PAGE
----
Assuming he doesn't get elected Nov. 7, Rowland says he'll head back to the classroom but will stay involved in his party. "My goal is to build as strong an organization as I can in Blount County and recruit candidates for the next election," he says.

For more information on the two candidates, you can check out their websites: and

—Jesse Fox Mayshark

A Tangled World Wide Web

UT speakers explore the ramifications of globalism

Peek inside most American homes and you're bound to find some trinket or artwork made by a native tribe in Africa, Asia or South America, not to mention the clothes and shoes that were produced in Third World factories.

It's evidence that the global marketplace has touched all of us, connecting everyone in commercial and cultural exchanges, no matter how superficial they may be.

"How many of our houses have these symbols?" asks Peter Herlihy, a University of Kansas professor who has been studying indigenous people in Latin America for two decades, particularly in Honduras and Panama. "People embrace these images—a Maya mask or certain kinds of ceramic pottery. People may not have a clear sense of what they represent, but they have a sense of where they come from or what they mean."

Herlihy will speak at 7:30 tonight (Thursday Oct. 26) in suites 226-227 of the University of Tennessee's University Center, the third in a year-long series of lectures sponsored by the university's sociology department on the effects of globalization.

"We hear more and more about the notion of globalization," says UT sociology professor Jon Shefner. "It's one of those things that fall off people's tongues. But just because we use the term more often doesn't mean we know what it means or what the impacts are.

"Our intentions are not to be pointy-headed intellectuals. We want to talk about the way these things affect people," he adds.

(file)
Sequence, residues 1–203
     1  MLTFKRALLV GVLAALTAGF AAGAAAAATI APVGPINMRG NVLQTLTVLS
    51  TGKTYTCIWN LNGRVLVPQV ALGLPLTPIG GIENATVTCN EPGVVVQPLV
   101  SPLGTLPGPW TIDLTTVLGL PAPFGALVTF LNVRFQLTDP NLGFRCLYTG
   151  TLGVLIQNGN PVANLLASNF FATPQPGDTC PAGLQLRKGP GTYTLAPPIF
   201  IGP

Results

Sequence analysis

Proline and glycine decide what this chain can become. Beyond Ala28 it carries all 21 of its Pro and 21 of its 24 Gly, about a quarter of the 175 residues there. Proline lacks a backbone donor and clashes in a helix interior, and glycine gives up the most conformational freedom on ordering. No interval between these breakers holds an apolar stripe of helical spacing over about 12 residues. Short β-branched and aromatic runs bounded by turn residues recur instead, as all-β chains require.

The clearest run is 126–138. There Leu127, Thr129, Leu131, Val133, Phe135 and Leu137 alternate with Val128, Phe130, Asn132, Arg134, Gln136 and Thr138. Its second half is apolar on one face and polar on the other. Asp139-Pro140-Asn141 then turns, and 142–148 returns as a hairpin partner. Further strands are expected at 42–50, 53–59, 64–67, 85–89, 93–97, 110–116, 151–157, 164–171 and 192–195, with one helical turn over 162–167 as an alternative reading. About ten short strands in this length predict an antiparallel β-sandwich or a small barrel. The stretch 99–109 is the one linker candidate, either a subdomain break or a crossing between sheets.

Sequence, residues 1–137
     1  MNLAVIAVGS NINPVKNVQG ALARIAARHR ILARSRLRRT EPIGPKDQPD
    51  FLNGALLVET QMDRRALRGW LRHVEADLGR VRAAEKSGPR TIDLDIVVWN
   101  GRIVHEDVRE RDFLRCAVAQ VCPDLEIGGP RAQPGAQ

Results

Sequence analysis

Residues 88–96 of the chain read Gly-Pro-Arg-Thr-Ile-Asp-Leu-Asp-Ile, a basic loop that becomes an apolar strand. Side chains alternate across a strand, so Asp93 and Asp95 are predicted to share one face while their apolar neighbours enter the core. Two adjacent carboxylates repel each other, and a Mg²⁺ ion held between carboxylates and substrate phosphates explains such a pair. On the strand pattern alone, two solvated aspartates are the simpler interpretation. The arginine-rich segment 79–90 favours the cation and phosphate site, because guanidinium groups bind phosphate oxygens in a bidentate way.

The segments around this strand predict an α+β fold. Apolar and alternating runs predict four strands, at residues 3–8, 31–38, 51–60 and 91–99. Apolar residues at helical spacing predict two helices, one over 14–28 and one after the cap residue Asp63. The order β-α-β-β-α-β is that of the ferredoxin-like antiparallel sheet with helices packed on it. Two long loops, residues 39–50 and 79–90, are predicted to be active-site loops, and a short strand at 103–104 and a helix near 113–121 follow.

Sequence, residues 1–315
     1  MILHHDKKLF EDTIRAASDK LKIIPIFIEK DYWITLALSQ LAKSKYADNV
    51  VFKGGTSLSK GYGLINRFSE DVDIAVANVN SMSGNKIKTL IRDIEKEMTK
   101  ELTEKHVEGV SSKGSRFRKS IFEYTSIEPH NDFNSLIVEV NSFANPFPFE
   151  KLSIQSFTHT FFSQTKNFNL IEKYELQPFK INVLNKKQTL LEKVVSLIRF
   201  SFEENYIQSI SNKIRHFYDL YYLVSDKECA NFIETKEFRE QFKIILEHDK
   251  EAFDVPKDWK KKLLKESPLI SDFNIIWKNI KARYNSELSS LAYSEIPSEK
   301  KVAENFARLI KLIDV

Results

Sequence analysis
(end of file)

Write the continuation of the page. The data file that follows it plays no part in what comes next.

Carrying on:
Every month until the end of the school year, the department is bringing in speakers from around the world to give their perspective on global economy and culture. The series is focusing largely on North and South America.

Herlihy is not what he'd call a globalization "optimist." He sees a mixed bag, noting that it in many cases strips people of their property and identity, and generally homogenizes culture. "Environments lose their distinctiveness. That distinctiveness—the ethnicity, race and aspects of gender—is a legacy that really belongs to all humanity," Herlihy says.

However, he also sees how globalization has aided some indigenous cultures. In some cases it has helped them organize, given them access to the Internet and connected them with information and people that can empower them, and helped them reclaim their intellectual property, if not their land. "By developing the tools and information they need, they can begin to compete. Some of them don't even try to reclaim their physical territory. But today, they're trying to claim their virtual territory on the Internet," he says.

On Thursday, Nov. 30, Dr. Manuel Pastor of the University of California at Santa Cruz will talk about "Interdependence, Inequality, and Identity: Linking U.S. Latinos and Latin Americans," also at 7:30 p.m. in suite 226-227 of the University Center. There will be four lectures next semester.

Joe Tarr

October 26, 2000 * Vol. 10, No. 43
© 2000 Metro Pulse